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Comment Re:Not clear if this is really totally open source (Score 1) 117

(Disclosure: IBMer working in Power Systems, opinions my own)

For the BMC, it appears that they're looking to use OpenBMC, a project started by Facebook and now being continued by IBM.

They're also going to use the OpenPOWER firmware stack - Hostboot for system initialisation, Skiboot for runtime firmware/BIOS and the OCC firmware for on-chip thermal and power management. All of this is Apache-licensed.

POWER8 processors do require an external CPU to boot them - either an IBM Flexible Service Processor or a third-party BMC. This is the case with all current Power Architecture server chips, though not with Power embedded (Book 3E) chips. Booting a POWER8 chip is a bit more complex than comparable Intel CPUs in this regard, but as far as I'm aware it's primarily a design choice to put the initialisation complexity in firmware rather than hardware.

Can't comment about the other components of the system - I imagine it'd be fairly challenging to find a hard drive with open source firmware, but I wish them luck... FSF will still certify them as Respects Your Freedom nonetheless, I imagine. I'm still quite excited by this machine, as POWER8 is definitely the best choice for a high-performance libre system.

Comment Re:ADA? (Score 1) 267

I'm a bit sad that Ada is on the way out, though it's not entirely dead - a friend of mine who is currently in his 3rd year of a CS degree was just hired as a part-time developer at a local Ada startup - possibly the only time I've ever seen a job ad for an Ada web developer who also knows JavaScript...

Comment Re:Ada? (Score 1) 387

I'm currently studying for my bachelor's in CS, and I've taken two courses taught in Ada. Quite an alright language, IMHO. I'm also aware of at least two private-sector companies in my relatively-small city who are starting new projects in Ada (in addition to all the established defence contractors around here). So it's not completely dead! Mostly, but not completely!

Comment Re:THANKS!!! (Score 1) 121

While on that topic, Debian also should be commended for joining OSI and embracing Open Source as well as their own FSG.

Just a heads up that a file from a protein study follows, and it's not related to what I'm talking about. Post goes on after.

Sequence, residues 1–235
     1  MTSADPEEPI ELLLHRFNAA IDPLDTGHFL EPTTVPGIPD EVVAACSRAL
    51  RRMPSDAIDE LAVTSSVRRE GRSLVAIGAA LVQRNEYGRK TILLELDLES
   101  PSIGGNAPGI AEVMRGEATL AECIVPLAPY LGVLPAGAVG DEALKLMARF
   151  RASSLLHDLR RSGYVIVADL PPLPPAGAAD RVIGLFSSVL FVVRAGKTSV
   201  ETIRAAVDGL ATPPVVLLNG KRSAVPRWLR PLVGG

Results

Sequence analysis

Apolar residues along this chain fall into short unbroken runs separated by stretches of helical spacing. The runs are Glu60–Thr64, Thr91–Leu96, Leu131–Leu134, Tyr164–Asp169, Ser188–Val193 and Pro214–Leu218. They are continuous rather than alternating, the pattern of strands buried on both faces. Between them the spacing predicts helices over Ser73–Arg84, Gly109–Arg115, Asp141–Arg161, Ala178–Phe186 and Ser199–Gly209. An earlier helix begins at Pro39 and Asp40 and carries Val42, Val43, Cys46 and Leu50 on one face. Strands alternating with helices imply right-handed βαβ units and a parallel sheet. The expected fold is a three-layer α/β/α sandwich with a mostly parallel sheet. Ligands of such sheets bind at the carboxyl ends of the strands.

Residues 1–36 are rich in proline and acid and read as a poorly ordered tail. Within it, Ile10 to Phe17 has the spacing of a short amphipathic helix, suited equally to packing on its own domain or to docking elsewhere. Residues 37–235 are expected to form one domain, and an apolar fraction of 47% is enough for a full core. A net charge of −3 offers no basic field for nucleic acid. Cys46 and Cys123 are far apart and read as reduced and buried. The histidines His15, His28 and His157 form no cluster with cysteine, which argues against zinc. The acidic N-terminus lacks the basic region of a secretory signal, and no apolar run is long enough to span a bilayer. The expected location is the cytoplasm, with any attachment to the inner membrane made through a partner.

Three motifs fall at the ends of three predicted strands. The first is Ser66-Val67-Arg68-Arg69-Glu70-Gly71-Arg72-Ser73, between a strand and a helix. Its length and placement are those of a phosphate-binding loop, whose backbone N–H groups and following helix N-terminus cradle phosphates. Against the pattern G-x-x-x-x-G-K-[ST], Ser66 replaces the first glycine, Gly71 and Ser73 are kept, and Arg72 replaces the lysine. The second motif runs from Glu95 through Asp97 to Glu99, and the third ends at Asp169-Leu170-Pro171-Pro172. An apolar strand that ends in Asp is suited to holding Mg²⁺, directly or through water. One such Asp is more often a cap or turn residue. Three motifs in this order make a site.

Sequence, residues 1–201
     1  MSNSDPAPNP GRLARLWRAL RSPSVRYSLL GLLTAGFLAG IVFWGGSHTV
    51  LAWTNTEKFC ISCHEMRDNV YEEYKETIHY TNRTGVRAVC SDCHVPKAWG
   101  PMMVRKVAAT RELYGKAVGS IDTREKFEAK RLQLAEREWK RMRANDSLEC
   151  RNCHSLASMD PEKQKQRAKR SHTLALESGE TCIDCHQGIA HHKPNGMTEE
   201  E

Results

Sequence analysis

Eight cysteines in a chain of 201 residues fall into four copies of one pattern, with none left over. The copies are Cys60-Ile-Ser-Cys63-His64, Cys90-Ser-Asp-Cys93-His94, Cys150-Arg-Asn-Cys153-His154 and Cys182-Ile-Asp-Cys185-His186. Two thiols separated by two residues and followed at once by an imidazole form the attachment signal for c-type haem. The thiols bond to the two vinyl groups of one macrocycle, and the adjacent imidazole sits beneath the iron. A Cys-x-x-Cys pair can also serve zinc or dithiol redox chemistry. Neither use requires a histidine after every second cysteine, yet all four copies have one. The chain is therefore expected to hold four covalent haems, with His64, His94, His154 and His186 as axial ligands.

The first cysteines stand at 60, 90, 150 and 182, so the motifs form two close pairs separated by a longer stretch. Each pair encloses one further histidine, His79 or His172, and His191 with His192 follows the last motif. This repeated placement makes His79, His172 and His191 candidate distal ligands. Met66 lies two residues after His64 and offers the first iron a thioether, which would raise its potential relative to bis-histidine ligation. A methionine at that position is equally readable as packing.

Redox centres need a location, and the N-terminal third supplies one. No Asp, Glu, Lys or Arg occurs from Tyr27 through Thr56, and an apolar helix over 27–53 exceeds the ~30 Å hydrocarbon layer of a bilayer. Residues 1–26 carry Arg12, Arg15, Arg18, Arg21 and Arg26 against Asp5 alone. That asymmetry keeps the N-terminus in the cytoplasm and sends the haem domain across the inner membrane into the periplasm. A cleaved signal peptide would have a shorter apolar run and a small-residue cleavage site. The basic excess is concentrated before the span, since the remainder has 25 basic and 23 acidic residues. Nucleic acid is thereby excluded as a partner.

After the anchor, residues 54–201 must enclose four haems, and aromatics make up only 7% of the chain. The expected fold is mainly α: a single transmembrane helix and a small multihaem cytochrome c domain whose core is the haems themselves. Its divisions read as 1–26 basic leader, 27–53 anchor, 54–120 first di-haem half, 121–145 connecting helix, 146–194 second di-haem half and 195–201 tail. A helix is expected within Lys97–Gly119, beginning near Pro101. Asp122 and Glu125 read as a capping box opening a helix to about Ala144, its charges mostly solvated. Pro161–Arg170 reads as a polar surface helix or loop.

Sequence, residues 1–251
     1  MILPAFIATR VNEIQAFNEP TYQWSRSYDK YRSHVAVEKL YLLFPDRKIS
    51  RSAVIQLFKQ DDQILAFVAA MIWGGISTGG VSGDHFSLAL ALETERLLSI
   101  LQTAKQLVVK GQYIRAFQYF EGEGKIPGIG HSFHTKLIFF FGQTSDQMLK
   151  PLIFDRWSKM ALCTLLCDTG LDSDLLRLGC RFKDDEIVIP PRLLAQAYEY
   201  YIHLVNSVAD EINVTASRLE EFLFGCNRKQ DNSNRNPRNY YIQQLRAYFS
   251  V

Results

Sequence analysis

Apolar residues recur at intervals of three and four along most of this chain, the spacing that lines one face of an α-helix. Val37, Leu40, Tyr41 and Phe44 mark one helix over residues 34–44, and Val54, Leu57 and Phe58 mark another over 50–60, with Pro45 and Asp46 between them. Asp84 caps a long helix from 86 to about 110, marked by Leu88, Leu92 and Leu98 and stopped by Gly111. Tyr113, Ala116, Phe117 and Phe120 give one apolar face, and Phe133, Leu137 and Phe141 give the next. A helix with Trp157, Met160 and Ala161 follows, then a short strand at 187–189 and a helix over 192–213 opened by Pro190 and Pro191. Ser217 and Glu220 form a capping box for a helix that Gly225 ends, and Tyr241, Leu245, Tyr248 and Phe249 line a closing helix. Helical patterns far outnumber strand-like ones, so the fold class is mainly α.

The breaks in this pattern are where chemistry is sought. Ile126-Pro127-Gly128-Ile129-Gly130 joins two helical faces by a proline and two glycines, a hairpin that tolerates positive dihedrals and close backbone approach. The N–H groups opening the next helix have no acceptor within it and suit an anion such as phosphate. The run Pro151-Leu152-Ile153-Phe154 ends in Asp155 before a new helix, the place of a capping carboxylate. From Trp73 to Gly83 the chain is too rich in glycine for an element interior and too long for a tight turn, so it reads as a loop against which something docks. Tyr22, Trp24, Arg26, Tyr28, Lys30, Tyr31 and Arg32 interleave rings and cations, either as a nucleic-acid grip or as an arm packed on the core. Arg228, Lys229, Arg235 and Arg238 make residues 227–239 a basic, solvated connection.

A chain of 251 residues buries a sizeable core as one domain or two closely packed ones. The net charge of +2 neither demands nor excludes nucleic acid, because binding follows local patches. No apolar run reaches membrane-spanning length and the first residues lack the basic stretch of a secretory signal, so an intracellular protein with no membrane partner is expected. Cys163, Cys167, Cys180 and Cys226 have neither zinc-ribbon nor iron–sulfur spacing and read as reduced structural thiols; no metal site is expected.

Well, the OSI's Open Source Definition was actually based off the DFSG, just with the Debian-specific references removed.

Comment Doesn't help public sector transparency (Score 2) 288

As much as this may be beneficial to scientists, I feel that in the case of publicly-funded institutions, it would set a bad precedent for the overall cause of public sector transparency. It has been a long, hard fight for increased transparency in government (FOI laws and such) and I think creating an exception for scientific agencies doesn't send the right message.

Comment And in Australia... (Score 3, Insightful) 500

In Australia, for most purposes we still use paper ballots. (There are a few exceptions - ACT territory elections have *optional* computer-based voting, and NSW state elections have an *optional* online voting system for some absentee or disabled voters.)

On election night, officials at every polling place - who are required to sign a declaration, under penalty, that they are not politically active - do an initial hand count of first-preference votes (yes, we have IRV and STV ballots here) and the votes for the top two front runners. These are the numbers that make their way to the internet in a matter of minutes and are used for the election night media coverage - but they actually have no legal significance at all, they're basically purely for the media coverage.

The real counting happens the week after election day, when all ballots are transported to the local electoral office for counting. For elections that use IRV ballots (e.g. the federal House of Representatives), the ballots are all hand counted. For STV ballots (e.g. the federal Senate), they do use computer based counting, however the paper ballots are retained and a hand count can be done if necessary. If there are any issues that arise, the Returning Officer has the discretion to order a recount as necessary, without necessarily needing court orders or anything like that.

The *entire process* - opening the polls, conducting the polling, closing the polls, the first count, the second count, and any recounts - takes place in front of candidate-appointed scrutineers (not quite as good as being public, but it's close enough). Every candidate can appoint scrutineers to witness the whole process and make objections.

And this is how Australia has elections that are virtually unchallengeable - for a typical federal election, there will usually be at most one serious dispute, and only in districts with the tiniest of margins where they need a judge to make the final decision. Heck, we're experimenting with computer-based and internet-based voting systems, and no-one's raising concerns because the Electoral Commission has such a high reputation for integrity and accuracy.

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